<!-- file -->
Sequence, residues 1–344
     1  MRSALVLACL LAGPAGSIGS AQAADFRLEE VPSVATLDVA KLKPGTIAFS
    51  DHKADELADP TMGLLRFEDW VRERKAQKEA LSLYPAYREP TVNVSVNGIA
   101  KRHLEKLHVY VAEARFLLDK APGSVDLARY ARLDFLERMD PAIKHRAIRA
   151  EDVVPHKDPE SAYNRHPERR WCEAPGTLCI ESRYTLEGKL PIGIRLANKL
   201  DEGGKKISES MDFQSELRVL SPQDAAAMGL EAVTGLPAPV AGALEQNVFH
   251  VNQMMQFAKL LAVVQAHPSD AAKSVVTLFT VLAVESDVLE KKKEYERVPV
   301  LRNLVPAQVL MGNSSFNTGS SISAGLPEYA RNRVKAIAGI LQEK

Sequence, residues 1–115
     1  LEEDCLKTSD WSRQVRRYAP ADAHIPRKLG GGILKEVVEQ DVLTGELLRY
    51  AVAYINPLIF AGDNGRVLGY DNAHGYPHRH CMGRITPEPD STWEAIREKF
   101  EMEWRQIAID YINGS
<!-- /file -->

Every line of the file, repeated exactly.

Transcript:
Sequence, residues 1–344
     1  MRSALVLACL LAGPAGSIGS AQAADFRLEE VPSVATLDVA KLKPGTIAFS
    51  DHKADELADP TMGLLRFEDW VRERKAQKEA LSLYPAYREP TVNVSVNGIA
   101  KRHLEKLHVY VAEARFLLDK APGSVDLARY ARLDFLERMD PAIKHRAIRA
   151  EDVVPHKDPE SAYNRHPERR WCEAPGTLCI ESRYTLEGKL PIGIRLANKL
   201  DEGGKKISES MDFQSELRVL SPQDAAAMGL EAVTGLPAPV AGALEQNVFH
   251  VNQMMQFAKL LAVVQAHPSD AAKSVVTLFT VLAVESDVLE KKKEYERVPV
   301  LRNLVPAQVL MGNSSFNTGS SISAGLPEYA RNRVKAIAGI LQEK

Sequence, residues 1–115
     1  LEEDCLKTSD WSRQVRRYAP ADAHIPRKLG GGILKEVVEQ DVLTGELLRY
    51  AVAYINPLIF AGDNGRVLGY DNAHGYPHRH CMGRITPEPD STWEAIREKF
   101  EMEWRQIAID YINGS